And so, let me leave you with this question in the meantime: “Have you ever experienced a time when it was only in being found that you realized how truly lost you were?” My friends, this is the heart of the gospel that St. Paul is bringing home to us this day, as with Norm and Ralph … “that Christ Jesus came into the world to save sinners [finding us, in all our lostness]” (I Timothy 1:15. Emphasis added in brackets. RSV).

Walking together in Christ’s love,
John Christopherson, Senior Pastor

Fire and Rain

“It is neither Caesar nor sin, it is neither death nor the devil, and it is not even God’s own Law that ultimately rule creation; but it is God who ultimately rules, and the Way in which God rules in the world is Jesus” (L. Snook; The Anonymous Christ, pp. 158-159).

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Please begin today by reading our Gospel text that is assigned for this coming Sunday (Luke 13:10-17) … which is always an excellent way to prepare your heart and mind for “being present” at worship. Now … can you see her, the poor stooped-over woman (somewhat represented by the image on this blog post)? She looks like a walking 90-degree angle. Her back is so badly bent-forward that for eighteen years (half her life) … just try to imagine! … she hasn’t been able to see the beauty of a bird in flight or the stars at night. If anything, she felt like she was “the Big Dipper.” Each step is treacherous, for she has to strain with everything she has to see but a few feet in front of her. Each step is excruciatingly painful: as though fire is literally shooting through her whole body. And so, her vision – as with her hopes – is tied to the ground, “earth bound.”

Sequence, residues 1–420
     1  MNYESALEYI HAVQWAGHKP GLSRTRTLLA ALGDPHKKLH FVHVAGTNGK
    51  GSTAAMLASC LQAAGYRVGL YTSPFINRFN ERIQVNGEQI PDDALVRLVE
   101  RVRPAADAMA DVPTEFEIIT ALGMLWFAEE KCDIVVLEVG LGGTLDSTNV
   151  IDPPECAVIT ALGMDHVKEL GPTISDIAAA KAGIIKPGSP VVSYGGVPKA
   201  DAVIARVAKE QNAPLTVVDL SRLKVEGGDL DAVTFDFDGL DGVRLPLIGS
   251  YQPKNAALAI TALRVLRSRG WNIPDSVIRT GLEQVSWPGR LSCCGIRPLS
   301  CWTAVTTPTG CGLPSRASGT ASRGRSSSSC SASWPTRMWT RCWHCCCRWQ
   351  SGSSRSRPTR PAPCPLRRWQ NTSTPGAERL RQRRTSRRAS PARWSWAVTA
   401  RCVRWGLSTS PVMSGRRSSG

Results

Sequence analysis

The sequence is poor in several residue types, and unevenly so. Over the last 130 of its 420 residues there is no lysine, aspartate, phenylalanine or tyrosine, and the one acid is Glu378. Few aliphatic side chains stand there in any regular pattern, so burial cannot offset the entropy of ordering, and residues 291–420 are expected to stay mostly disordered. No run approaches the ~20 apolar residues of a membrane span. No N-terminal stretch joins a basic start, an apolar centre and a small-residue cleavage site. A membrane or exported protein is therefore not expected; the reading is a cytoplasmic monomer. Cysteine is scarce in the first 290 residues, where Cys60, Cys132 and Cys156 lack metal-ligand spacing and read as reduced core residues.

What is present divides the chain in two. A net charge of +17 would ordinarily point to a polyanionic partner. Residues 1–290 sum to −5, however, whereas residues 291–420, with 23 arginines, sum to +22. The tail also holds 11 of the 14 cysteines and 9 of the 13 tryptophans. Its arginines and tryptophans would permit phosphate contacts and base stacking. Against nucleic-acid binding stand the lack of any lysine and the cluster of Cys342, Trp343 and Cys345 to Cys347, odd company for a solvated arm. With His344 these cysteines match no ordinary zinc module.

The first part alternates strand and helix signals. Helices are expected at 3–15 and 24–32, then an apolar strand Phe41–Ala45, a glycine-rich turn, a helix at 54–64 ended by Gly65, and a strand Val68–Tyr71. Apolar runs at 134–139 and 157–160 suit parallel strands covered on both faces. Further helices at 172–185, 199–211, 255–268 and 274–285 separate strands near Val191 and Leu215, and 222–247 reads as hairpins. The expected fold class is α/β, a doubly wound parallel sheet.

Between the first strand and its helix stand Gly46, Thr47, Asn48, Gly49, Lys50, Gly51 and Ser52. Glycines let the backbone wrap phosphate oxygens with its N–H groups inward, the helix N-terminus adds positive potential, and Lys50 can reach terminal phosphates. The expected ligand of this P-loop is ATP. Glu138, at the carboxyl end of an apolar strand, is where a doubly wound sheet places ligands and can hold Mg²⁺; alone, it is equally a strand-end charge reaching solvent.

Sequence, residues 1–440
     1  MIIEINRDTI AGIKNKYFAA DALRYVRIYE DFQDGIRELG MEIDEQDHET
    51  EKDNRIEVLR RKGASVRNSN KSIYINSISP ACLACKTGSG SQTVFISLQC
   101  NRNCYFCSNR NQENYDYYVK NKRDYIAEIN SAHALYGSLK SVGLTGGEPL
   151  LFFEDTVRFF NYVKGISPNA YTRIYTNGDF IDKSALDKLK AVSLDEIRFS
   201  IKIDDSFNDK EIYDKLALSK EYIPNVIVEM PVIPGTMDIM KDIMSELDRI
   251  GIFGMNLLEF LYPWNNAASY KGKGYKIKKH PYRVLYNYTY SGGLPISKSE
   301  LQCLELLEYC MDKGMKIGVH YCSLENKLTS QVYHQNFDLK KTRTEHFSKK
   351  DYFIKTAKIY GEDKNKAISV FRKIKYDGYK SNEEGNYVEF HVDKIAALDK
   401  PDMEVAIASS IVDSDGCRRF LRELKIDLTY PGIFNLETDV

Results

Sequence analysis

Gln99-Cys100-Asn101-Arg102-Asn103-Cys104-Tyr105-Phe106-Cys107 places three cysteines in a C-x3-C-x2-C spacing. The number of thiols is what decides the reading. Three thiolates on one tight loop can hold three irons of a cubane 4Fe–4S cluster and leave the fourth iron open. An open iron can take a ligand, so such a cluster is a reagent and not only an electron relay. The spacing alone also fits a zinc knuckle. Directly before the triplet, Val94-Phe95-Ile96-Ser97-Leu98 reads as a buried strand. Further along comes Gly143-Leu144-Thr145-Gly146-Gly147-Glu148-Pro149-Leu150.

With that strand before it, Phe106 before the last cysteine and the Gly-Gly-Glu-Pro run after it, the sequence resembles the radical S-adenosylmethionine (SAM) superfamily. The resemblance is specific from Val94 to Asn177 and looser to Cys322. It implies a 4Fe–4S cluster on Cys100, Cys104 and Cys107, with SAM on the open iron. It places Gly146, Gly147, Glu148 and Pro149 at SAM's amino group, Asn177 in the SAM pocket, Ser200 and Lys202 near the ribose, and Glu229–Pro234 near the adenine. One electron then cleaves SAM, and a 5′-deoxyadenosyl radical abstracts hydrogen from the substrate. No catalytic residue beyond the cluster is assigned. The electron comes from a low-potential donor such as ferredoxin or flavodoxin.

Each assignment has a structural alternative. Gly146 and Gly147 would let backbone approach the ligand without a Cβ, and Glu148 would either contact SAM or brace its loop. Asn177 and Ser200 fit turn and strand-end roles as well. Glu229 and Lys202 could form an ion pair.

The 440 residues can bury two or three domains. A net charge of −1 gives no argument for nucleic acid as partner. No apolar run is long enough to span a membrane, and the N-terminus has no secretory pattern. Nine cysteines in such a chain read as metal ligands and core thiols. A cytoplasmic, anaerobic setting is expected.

My friends, how easy it would have been for her to excuse herself from coming to church on Sunday. I mean, this was a time in first-century Palestine before epidurals, muscle relaxant medications, or orthopedic surgery … say nothing of being able to pop even a couple of Aleve tablets. But came she did. “Remembering the Sabbath day to keep it holy” (Exodus 20:9-10; Deuteronomy 5:13). She came to pray. To sing psalms of thanksgiving to God in spite of her terrible suffering (I Thessalonians 5:17). She came to nurture her faith by hearing … by hearing (What?) … God’s Word for her. Earth-bound though she be. Until …

Until this particular Sunday (Sabbath) morning … one of yet another torturous, feeling-though-set-on-fire-walk from her little house to the synagogue (Luke 13:10-11). And though unable to see where the Voice was coming from, God’s Word showered the fire of her pain-riddled life like a powerful, healing rain. Recall Dr. Luke’s account:

“And when Jesus saw her, he called her and said to her, ‘Woman, you are freed from Your infirmity.’ And [Jesus] laid his hands upon her, and immediately she was made straight, And she praised God.” (Luke 13:12-13; RSV)

Come, join with this woman … and all of us who are bent-over, carrying heavy fiery burdens (you name yours) … as we are thus better “positioned” to hear God’s showering, healing, raining word for us in worship. And again, prepare yourself in heart and mind, by asking: “What does worship mean? Is it strictly about our praise to God? And where have you experienced God’s healing in your life and perhaps still feel crippled/broken? All of this, so that together – as a family of faith, yet seekers still – we can call upon God in ‘prayer, praise, and thanksgiving’ to be at work in, through, and among us for the sake of this world and all people, whom God so dearly loves – that he gave his only Son … bent over on a cross (John 3:16). See you at worship.

Dr. John Christopherson
Senior Pastor